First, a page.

For more recipes, check out our post, How to Make Your Own Natural Household Cleaners.
Reduce Dust and Pollutants
A high-performance vacuum with powerful suction, HEPA filters, and rotating brushes can be a very good investment as it catches tiny particles that regular vacuums often miss. Do this once a week, and make sure to regularly wash or change your vacuum filter. If you don’t have time for regular vacuuming, consider an automatic vacuum that does the job for you.
Use a damp cloth to wipe the tops of window frames, doors, and sills, and wash your curtains often. You may buy a reusable microfiber dust mop to reach nooks and crannies that a vacuum could not.
Use quality mattresses, pillows, and box spring covers that are dust-mite-proof.
And to prevent the growth of mold, of which spores can be toxic, use environmentally-friendly materials when cleaning your shower and regrout your tiles if needed.
Stop Using Aerosols
The use of aerosols has long been believed to harm the environment, as well, and it does. Most fragranced products are derived from petroleum products which are non-renewable, polluting resources.
Products such as air freshener, deodorant spray, furniture polish, hair spray, and carpet cleaner all contain artificial fragrances that often contain volatile organic compounds (VOCs) that are considered toxic or hazardous.
And all the product label has to state is that the product contains “fragrances,” so you’ll never know when a deadly chemical is hidden in there.
Releasing them into the air causes an irreversible negative effect on the environment.
So what can you do? Stop using aerosol products. Opt, again, for homemade products to replace them using all-natural ingredients, or choose fragrance-free products.
Let the Outdoors In
Open a window in your house! Letting in some fresh air will not only combat the potentially deadly pollutants that have been emitted into the air in your home unknowingly, but it can also be a natural way to cool your home during warmer months.
Depending on where you live (cities and highly populated areas tend to have poorer air quality than the suburbs and open country spaces), the air quality outside may actually be better than that inside your home. The fresh air can help clear out the polluted air that you’re breathing indoors.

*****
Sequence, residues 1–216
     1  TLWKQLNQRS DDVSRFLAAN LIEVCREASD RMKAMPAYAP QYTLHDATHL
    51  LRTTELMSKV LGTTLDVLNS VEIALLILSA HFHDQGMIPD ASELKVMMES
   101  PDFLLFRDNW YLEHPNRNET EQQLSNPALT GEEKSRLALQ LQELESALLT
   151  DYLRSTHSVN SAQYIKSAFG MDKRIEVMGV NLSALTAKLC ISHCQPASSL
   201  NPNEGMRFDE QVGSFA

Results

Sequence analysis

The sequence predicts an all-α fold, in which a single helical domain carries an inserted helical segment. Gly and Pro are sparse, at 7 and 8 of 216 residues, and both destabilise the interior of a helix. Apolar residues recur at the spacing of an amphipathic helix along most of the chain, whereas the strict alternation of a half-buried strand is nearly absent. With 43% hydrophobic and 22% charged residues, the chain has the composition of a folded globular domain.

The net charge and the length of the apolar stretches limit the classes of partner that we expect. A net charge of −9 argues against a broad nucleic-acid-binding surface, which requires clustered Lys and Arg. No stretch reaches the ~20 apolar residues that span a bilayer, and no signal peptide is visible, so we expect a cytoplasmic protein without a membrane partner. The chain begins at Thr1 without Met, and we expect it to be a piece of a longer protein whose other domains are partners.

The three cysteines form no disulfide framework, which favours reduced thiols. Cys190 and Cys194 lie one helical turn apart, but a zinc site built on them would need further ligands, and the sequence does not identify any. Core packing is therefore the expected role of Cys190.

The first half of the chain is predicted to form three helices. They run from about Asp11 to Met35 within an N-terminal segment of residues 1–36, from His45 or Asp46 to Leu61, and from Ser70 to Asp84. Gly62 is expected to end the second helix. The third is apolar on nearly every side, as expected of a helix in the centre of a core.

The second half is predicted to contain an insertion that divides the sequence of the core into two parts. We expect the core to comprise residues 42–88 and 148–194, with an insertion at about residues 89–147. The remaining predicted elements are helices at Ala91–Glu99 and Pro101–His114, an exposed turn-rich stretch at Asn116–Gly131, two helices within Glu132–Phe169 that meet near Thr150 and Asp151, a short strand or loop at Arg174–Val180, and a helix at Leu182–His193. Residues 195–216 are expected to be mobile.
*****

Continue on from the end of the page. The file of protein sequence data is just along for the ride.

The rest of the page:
And if it tends to heat up quickly in your home, instead of turning on the air conditioning immediately when it warms up outside, try opening the windows for a natural breeze to flow throughout your home to cool it off. You’ll save tons of energy this way, and it’s really an effective cooling technique (assuming you get a good airflow).
Decorate With Plants
Just as plants outside filter the air that we breathe, indoor plants can help improve indoor air quality within your home, as well.
Decorate using strategically placed air-filtering house plants throughout your home. They have the capability of filtering out any pollutants that may be in the air in your home and return to you clean, breathable air.
Find out what plants are best in our post, 3 Plants Can Make You Breathe Easier Indoors.
House plants are also said to have an effect on mood and the general feeling of overall well-being. The bottom line: plants are good for you and good for the environment on all levels, so adding them to your home will only help improve your life and the air that you breathe!
Control Asbestos in Your Home
Asbestos is a tiny particle that floats through the air, too small to be seen by the human eye or even by a standard microscope, that is toxic to humans. The Environmental Protection Agency has stated that a lifetime of exposure to small amounts of inhaled asbestos can pose a serious and potentially deadly health threat.
However, any larger amounts of asbestos inhalation have been proven to lead to cases of lung cancer and other lung diseases, so it’s a good idea to keep asbestos levels in your home controlled or eliminate them entirely.
Since asbestos is such a small mineral fiber, it goes airborne effortlessly, and although it is a naturally occurring mineral in the earth, it tends to sit on top of the soil when it hits the ground, so it’s shifted around easily.
This means that it’s easy for asbestos to contaminate the air, water, and soil that surround us. So do your family and your neighbors a favor and reduce the amount of asbestos in your home as best you can.
For your home to be a safe haven for your family and to ensure their health, you must improve indoor air quality! Hopefully, these tips will put you on the track to a greener, healthier home.
Editor’s Note: This post has been updated for freshness and consistency.